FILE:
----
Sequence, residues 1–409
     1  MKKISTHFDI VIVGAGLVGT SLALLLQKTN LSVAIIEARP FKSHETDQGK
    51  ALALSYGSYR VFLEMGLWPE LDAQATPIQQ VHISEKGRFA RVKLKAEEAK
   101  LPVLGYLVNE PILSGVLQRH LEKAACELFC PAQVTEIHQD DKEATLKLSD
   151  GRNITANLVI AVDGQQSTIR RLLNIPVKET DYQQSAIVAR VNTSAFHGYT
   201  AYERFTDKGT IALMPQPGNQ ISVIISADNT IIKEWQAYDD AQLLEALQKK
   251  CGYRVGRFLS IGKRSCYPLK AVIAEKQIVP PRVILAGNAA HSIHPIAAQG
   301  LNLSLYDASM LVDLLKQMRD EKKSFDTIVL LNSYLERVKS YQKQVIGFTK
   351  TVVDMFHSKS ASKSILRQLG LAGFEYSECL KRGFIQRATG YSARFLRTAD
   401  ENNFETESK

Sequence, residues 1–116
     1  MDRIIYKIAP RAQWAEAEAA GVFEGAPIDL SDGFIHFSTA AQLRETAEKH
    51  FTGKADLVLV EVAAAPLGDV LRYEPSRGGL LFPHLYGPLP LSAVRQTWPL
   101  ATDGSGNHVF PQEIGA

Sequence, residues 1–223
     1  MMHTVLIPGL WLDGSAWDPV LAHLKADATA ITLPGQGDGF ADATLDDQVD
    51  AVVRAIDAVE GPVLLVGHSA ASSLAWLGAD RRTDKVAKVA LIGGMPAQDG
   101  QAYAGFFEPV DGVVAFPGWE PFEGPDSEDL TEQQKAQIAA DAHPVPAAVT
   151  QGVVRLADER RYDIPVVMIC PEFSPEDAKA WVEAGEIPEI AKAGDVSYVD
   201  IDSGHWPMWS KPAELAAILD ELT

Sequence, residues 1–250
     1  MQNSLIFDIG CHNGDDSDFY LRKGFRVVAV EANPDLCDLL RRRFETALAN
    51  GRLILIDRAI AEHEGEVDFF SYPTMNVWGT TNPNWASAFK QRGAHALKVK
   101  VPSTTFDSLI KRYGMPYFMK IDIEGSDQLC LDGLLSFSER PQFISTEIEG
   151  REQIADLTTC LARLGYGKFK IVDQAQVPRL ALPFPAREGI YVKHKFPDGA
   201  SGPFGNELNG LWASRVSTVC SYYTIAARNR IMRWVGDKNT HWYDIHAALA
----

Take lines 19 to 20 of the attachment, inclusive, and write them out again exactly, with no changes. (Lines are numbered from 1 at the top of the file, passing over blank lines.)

   151  QGVVRLADER RYDIPVVMIC PEFSPEDAKA WVEAGEIPEI AKAGDVSYVD
   201  IDSGHWPMWS KPAELAAILD ELT